No one should be offended by Senator Harry Reid’s remarks; I am not because I know American history.  Many white Americans are embarrassed because it has brought out of the closet what has historically been a prevailing practice in America ever since the Emancipation Proclamation.  Despite all of the Acts enacted to assure equality, American society is still divided and unequal.  Electing a Black president will not bring an end to a deep seeded, deep rooted problem in the American psyche.

What we need in America is a Secretary of Psychiatry to help us rid ourselves of old prejudices, to help us value people by their talents and abilities to advance our society and to heal and resolve the internal conflict pervasive throughout this country.  America is still racist and sick.  When we are healed, there is no stopping us.  For now, we are in grave danger of being surpassed by China.  I would include India, but India has a caste system that also needs to be eradicated.


What we all need is to be working toward a world where all the world’s people are respected and accepted and can live in peace.




#BreakingNews and special reports unit of USAfrica multimedia networks, and USAfricaTV

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  1. The saying goes, in Black American colloquial circles, that:

    If you're white, you're alright,

    If you're black, get back,

    If you're brown, stick around.

    I am yet to find anyone who can explain what was racist about Senator Reid's comments. If anything, it offered an explanation, albeit, along racial lines, on the Obama phenomenon, at the time.

    The difference between racialism and racism is merely semantic. However, in this case, it is by no means insignificant. On the contrary. While the one may be an attempt, or the practice of explaining events through the prism of race, the other would be seen as the act of making or promoting comments or policies that are likely to favor certain groups over others.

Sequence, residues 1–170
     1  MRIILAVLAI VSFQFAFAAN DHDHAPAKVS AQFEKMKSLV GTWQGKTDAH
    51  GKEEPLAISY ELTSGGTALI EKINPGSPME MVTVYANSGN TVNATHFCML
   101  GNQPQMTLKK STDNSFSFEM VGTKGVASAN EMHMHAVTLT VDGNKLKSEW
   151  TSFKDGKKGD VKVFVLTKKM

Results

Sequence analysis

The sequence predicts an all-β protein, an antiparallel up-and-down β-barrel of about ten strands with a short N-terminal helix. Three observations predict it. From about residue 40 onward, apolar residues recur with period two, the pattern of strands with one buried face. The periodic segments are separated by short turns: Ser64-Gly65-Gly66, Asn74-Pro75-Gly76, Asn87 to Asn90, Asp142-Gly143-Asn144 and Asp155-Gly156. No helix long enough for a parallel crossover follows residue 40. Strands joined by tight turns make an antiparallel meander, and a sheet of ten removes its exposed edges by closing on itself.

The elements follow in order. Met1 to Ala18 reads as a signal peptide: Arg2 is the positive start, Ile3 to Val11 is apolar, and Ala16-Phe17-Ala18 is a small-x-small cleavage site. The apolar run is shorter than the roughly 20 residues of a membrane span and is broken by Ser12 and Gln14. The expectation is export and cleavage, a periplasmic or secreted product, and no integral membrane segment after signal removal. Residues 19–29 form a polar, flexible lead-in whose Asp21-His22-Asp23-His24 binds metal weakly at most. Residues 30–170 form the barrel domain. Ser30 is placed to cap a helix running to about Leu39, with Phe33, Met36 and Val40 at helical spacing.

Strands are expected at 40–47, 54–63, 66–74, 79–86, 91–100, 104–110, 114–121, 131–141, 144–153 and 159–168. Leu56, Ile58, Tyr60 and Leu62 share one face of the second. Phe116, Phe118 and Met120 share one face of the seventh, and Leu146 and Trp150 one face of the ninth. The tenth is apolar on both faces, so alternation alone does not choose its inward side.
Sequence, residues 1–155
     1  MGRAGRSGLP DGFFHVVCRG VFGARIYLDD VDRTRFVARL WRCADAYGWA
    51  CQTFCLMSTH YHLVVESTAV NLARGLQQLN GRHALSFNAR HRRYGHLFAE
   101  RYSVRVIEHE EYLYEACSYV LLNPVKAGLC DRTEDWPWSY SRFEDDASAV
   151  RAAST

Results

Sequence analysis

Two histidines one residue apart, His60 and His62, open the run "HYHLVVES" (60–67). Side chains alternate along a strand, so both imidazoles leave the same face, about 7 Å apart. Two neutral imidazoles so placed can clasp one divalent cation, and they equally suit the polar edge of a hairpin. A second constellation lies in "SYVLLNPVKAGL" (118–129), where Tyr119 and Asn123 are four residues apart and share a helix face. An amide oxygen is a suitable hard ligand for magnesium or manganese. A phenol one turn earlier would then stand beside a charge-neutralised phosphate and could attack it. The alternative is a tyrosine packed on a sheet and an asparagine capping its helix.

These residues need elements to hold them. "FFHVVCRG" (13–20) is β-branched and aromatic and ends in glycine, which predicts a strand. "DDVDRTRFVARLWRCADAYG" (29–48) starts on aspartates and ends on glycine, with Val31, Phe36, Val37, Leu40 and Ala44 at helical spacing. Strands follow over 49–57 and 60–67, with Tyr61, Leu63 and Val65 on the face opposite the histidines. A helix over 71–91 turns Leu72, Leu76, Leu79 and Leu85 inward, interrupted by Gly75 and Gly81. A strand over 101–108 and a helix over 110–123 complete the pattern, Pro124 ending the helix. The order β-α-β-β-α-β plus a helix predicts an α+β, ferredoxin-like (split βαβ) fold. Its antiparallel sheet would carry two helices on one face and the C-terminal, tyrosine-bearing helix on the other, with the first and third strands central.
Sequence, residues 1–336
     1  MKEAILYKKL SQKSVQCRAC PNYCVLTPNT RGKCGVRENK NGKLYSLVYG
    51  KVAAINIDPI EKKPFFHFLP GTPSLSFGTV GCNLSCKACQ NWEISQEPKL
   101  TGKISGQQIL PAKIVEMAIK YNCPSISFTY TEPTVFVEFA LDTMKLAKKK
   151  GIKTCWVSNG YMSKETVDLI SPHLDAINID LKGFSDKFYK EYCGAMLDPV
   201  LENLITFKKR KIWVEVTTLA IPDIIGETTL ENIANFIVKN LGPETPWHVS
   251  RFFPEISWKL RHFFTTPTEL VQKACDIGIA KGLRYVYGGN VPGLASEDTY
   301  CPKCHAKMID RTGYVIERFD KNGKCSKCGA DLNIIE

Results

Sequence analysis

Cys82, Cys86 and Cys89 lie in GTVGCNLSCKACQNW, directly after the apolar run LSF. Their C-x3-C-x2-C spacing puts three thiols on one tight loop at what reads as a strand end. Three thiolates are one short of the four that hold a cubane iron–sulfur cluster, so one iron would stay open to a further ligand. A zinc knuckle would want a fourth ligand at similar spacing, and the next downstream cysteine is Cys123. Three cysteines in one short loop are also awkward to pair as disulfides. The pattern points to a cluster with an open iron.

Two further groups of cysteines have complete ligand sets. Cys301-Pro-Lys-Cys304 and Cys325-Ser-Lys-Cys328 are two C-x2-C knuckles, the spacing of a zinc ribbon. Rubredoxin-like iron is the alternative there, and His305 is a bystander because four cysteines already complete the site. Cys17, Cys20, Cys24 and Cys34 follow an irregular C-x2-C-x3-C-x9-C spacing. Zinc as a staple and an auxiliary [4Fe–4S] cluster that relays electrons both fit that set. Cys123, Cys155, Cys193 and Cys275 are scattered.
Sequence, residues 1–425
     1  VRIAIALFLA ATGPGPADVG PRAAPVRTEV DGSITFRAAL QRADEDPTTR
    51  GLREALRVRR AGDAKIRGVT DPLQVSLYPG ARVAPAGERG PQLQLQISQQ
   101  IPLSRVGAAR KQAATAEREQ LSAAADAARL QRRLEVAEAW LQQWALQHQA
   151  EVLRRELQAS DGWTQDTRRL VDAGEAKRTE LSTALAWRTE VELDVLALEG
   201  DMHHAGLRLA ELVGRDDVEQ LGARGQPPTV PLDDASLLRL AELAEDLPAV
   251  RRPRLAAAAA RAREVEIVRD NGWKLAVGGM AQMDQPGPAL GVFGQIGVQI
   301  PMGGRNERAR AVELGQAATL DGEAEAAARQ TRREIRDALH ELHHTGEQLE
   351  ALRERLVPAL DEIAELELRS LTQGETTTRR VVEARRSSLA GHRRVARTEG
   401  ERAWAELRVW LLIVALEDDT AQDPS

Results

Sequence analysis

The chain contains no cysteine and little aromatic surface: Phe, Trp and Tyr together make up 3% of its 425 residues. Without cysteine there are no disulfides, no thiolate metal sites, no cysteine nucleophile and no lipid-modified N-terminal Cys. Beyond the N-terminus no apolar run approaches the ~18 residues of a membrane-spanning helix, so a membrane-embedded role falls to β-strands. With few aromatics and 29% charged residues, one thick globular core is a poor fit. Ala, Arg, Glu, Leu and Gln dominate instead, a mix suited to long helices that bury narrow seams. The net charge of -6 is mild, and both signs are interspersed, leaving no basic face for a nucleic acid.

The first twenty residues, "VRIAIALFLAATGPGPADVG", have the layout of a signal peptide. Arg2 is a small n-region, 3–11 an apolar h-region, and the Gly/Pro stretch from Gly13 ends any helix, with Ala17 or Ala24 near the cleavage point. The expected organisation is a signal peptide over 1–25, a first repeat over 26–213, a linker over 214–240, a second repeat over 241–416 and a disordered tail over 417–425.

Race is to this country what tribe is to many others; a very sensitive issue. Politicians, who thrive by muddying the waters, would not hesitate to exploit the situation for political expediency.

    As for Reid, he is really not saying anything that anyone disagrees with. Not even Blacks. And I will submit that the objectionable outcry from his political opponents is feigned.

    We continue to dream and hope for the day when the color of a man's skin will have, absolutely, nothing do, in the eyes of society, with his potentials. To be sure, we have come a long way, and that's what keeps the dream alive; but the struggle,by all mean, continues.

  2. Unfortunately, as Dr. Burleson stated in her article, this type of prejudice is routed in the American psyche, and it doesn't simply end with black & white. The unspoken rule, the self evident formula for acceptance against the backdrop of the white majority, the status-quo, is "fairer is better"; or maybe more accurately, "fairer is closer", and therefore passable. In my own personal experiences in corporate America, the only African-American employee that has survived at my former employer is a categorically "white looking" mulatto with blue eyes. All others, the decidedly brown ones, have been pushed out one way or another. That's no coincidence, though leadership would never admit to such a trend; and I'm convinced they may not even be fully aware of it. So I'd say the most simple and least incriminating explanation is this: people, all people, have a tendency to be most comfortable with, and therefore accepting of, others who closely mirror them. We just happen to live in a place where the decision makers' reflections differ from ours.

    In conclusion, this issue isn't solely an American issue; its a human issue, magnified by the sensation of America's fiery and relatively recent history. So in a broader sense, I don't think we're the sick nation amongst a world of thriving sensibilities; I think quite the contrary. I think our ability and openness to having these discussions, to allow controversy and opposition, indicates our leadership in the battle for global equality. Harry Reid is merely a man; a temporary man, in a temporary post. He, or any man, is not bigger than the living concepts of freedom and equality; and so the developmental streams of thought churned up from his gabbing are far more valuable than him or his wrongness.

    1. Reid was making a political assessment. Any competent professional can assess the assess and liabilities of a professional in the same field. That's not prejudice.